West Makian language

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West Makian
Moi
Native toIndonesia
RegionNorth Maluku, island of Makian and some areas of Halmahera.
Native speakers
(12,000 cited 1977)[1]
Language codes
ISO 639-3mqs
Glottologwest2600[2]

West Makian (also known by the endonym Moi[3]:104) is a divergent North Halmahera language of Indonesia. It is spoken on the coast near Makian Island, and on the western half of that island.

West Makian has been strongly influenced by a neighboring Austronesian language or languages, to the extent that it was once classified as Austronesian, as East Makian (Taba) still is. A brief description of the language can be found in Voorhoeve (1982). Much influence comes from Taba, as well as Malay, Ternate, Dutch, and potentially Portuguese.[4]

Phonology[edit]

Vowels[edit]

Moi has 4 vowels: a, ə, i, and u.[5]

Consonants[edit]

Bilabial Dental Palatal Velar Glottal
Stop voiceless p c k
voiced b ɟ g
Fricative ɸ h
Nasal m (ɲ) ŋ
Approximant
Trill

/ɲ/ is found almost exclusively in Indonesian loanwords. The only original Moi word with /ɲ/ is /miɲə/ - 'one.'

Consonant clusters are found almost entirely in the middle of words, with a few occurring word-initially during continuous speech. The majority of words have stress on the penultimate syllable, with a few having it on the syllable before or the last syllable. Stress is primarily phonemic.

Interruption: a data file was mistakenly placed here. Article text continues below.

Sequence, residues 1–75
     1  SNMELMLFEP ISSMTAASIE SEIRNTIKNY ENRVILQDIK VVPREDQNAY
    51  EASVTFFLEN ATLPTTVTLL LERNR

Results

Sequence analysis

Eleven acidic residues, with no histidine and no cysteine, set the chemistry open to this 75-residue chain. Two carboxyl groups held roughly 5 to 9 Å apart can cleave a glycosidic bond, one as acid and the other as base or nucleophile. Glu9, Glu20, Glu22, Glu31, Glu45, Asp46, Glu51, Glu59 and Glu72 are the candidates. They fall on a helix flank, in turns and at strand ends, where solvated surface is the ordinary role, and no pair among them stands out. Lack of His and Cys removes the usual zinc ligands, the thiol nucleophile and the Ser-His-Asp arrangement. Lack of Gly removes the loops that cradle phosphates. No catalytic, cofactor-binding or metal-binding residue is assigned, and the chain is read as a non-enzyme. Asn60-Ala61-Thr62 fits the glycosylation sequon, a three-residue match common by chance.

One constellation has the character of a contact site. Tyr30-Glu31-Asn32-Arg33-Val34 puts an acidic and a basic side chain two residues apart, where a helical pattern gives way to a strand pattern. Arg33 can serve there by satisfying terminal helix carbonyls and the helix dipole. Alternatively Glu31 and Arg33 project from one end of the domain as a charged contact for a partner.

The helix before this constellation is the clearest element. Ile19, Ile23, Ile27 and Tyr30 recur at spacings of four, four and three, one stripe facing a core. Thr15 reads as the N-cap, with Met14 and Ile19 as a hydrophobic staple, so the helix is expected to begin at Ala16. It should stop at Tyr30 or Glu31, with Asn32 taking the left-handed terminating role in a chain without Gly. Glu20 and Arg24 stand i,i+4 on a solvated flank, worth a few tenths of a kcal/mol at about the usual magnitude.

There are two types of sentence intonation so far observed. One involves the tone rising sharply then sometimes falling again, a pattern used in emphatic imperatives and sometimes in questions. The other pattern is a sharp drop at the end of the sentence, used for declarative sentences and non-emphatic imperatives.

References[edit]

  1. ^ Voorhoeve, C. L. ([W3CDTF] 1982). "The Makian languages and their neighbours". www.language-archives.org. Retrieved 2019-01-30. Check date values in: |date= (help)
  2. ^ Hammarström, Harald; Forkel, Robert; Haspelmath, Martin, eds. (2017). "West Makian". Glottolog 3.0. Jena, Germany: Max Planck Institute for the Science of Human History.
  3. ^ Klamer, Marian; Ger Reesink; and Miriam van Staden. 2008. East Nusantara as a Linguistic Area. In Pieter Muysken (ed.), From linguistic areas to areal linguistics, 95-149. Amsterdam: John Benjamins.
  4. ^ Voorhoeve, C. L. ([W3CDTF] 1982). "The Makian languages and their neighbours". www.language-archives.org. Retrieved 2019-01-30. Check date values in: |date= (help)
  5. ^ "PHOIBLE Online -". phoible.org. Retrieved 2019-01-30.